Is Serbian Spruce (Picea omorika) Toxic to Cats?

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  • Is Serbian spruce toxic to cats?

    Serbian spruce (Picea omorika) is non-toxic to cats and is safe to keep as an indoor Christmas tree or garden ornamental, with care.

    What is Serbian spruce?

    • Genus: Picea – Spruces
    • Family: Pinaceae – Pine
    • Order: Pinales – Pines and allies, Conifers, Coniferae, Pinophyta, Evergreens, Coniferophyta
    • Class: Pinopsida – Conifers
    • Botanical name: Picea omorika
    • Common names: Bosnian spruce, Omorica, Pančić spruce
    • Cultivars: ‘Nana’, ‘Aurea’, ‘Pendula’, ‘Pendula Bruns’, ‘Peve Tijn’
    • Needle retention: Fair
    • Mature height: 20 – 40 metres
    • Toxicity: Non-toxic to cats
    • Toxic parts: None
    • Severity:
    • Toxic principle:

    Serbian spruce is a medium-sized distinctive species native to the limestone mountains of eastern Bosnia and Herzegovina. This graceful species has thin arching branches and a slender trunk with 1-2 cm flat needles that are dark blue-green above and blue-white below. When crushed, the needles emit a citrusy odour.

    The Serbian spruce was named after Serbian botanist Josif Pančić, omorica is the Serbian word for tree.

    Care

    Serbian spruce grows in full sun to partial shade and prefers acidic, loamy, moist, rich, sandy, well-drained and clay soils.

    Safety

    Despite their non-toxic status, all Christmas trees can still pose a risk to cats and dogs in the home.

    • The Serbian spruce generally holds its needles better than other trees but ingestion of large volumes is still a risk, especially later in the season.  Ingestion of spruce needles can potentially lead to a gastrointestinal obstruction. If you do have a cat who is interested in eating the plant, consider moving it to another location the cat cannot access.
    • Never add aspirin to Christmas tree water as cats are unable to metabolise aspirin effectively, which can lead to a fatal overdose in as little as a single tablet.
    • Always secure the Christmas tree to a wall by attaching a wire or fishing line to prevent the tree from accidentally toppling over.
    • Do not use long strands of tinsel (angel hair or lametta tinsel) in homes with cats as ingestion can cause telescoping of the intestines. This life-threatening condition occurs when a linear foreign body becomes lodged in the upper part of the gastrointestinal tract while the loose segment travels further down the GI tract. Wavelike contractions (peristalsis) creep up the trapped foreign body and can slide into the section immediately ahead of it (like a telescope). Blood vessels become trapped between the layers, which compromises blood flow and leads to edema (swelling). Strangulation of the blood vessels leads to (necrosis) death of the affected tissue and disruption of the mucosal barrier which allows bacteria to enter the bloodstream (sepsis).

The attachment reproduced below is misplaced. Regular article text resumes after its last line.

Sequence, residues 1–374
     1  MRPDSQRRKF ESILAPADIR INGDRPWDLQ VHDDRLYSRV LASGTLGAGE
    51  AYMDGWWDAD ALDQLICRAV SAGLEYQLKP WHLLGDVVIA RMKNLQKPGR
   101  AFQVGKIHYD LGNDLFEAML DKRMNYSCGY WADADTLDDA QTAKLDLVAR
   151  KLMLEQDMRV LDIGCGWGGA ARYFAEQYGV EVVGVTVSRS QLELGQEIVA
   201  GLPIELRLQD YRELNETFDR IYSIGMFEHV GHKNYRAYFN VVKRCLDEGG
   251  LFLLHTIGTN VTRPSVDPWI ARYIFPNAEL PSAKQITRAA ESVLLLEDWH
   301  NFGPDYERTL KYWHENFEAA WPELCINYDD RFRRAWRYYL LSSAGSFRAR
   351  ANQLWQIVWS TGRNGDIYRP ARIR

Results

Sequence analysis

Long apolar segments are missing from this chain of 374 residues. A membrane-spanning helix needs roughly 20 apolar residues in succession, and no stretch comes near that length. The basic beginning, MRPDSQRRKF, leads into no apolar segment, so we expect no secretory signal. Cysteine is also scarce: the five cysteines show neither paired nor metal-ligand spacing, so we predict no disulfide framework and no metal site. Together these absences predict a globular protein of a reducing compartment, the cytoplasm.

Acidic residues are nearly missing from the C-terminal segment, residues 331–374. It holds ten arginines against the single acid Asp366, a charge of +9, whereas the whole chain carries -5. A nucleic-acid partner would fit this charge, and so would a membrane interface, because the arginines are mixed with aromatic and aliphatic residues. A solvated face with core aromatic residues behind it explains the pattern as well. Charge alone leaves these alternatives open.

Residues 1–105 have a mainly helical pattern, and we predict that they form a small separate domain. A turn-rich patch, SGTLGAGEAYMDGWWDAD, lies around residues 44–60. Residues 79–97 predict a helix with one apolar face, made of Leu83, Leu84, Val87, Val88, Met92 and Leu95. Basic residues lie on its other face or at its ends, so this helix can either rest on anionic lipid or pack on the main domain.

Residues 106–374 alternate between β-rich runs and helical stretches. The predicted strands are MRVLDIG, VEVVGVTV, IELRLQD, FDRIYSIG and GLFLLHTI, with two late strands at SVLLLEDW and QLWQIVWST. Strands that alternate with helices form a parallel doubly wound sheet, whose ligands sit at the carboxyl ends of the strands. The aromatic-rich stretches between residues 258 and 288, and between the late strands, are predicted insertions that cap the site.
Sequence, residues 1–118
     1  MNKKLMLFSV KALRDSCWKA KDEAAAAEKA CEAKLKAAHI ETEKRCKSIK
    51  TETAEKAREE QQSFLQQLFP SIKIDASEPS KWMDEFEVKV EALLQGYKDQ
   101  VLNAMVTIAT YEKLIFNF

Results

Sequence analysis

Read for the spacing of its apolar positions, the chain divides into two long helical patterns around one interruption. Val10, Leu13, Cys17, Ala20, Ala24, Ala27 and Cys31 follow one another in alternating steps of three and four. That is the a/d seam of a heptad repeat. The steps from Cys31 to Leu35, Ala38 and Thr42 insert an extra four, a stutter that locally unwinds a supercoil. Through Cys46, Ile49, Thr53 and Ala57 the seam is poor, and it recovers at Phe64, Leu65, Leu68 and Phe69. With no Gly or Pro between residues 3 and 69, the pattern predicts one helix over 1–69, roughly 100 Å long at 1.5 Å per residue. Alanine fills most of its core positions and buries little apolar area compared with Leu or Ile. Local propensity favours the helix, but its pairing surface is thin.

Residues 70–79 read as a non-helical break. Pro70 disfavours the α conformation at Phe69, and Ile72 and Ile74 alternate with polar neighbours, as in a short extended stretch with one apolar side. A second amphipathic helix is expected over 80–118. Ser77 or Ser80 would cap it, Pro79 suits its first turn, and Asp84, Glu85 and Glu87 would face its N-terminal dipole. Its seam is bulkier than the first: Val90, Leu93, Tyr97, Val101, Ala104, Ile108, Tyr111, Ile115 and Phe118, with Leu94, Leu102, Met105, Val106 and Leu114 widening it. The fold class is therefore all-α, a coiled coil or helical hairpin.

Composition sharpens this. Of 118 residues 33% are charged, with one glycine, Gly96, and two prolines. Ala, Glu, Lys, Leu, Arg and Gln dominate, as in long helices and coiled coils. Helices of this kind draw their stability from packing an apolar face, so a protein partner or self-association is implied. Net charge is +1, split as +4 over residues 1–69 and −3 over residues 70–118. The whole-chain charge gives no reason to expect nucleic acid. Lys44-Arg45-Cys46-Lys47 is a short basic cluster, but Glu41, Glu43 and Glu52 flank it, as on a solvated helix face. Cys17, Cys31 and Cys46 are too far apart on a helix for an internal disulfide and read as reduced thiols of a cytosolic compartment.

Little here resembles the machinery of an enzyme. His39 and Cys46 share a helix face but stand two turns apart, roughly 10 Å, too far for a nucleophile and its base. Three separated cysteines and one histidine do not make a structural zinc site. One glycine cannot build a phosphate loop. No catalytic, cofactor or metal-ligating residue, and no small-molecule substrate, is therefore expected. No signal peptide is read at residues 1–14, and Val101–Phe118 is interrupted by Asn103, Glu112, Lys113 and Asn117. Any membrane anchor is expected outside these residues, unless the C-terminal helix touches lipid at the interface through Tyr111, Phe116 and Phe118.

• Place non-breakable ornaments at the bottom of the tree and delicate, breakables towards the top to prevent cats and children from pulling them down and breaking them.

    Toxicity of common Christmas trees

    Common name

    Scientific name

    Toxicity level

    Norway spruce Picea abies Non-toxic
    Blue spruce Picea pungens Non-toxic
    Serbian spruce Picea omorika Non-toxic
    White spruce Picea glauca Non-toxic
    Nordmann fir Abies nordmanniana Non-toxic
    Fraser fir Abies fraseri Non-toxic
    Douglas fir Pseudotsuga menziesii Non-toxic
    Noble fir Abies procera Non-toxic
    Balsam fir Abies balsamea Non-toxic
    Grand fir Abies grandis Non-toxic
    Scotch pine Pinus sylvestris No information available
    White pine Pinus strobus No information available
    Virginian pine Pinus virginiana Listed as toxic to dogs, no information on cats
    Norfolk Island
    pine
    , house pine
    Araucaria heterophylla Non-toxic

    Author

    • Julia Wilson is the founder of Cat-World, and has researched and written over 1,000 articles about cats. She is a cat expert with over 20 years of experience writing about a wide range of cat topics, with a special interest in cat health, welfare and preventative care. Julia lives in Sydney with her family, four cats and two dogs. Full author bio